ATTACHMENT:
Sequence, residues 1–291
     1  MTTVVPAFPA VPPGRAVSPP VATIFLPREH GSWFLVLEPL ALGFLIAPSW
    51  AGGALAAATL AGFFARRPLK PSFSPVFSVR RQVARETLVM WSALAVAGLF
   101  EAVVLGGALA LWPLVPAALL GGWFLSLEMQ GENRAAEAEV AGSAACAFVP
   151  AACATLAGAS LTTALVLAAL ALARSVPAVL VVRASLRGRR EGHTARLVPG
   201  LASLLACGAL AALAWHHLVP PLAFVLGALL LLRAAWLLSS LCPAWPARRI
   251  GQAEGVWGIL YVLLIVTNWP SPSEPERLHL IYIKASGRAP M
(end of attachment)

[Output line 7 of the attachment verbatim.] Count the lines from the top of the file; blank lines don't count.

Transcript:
   251  GQAEGVWGIL YVLLIVTNWP SPSEPERLHL IYIKASGRAP M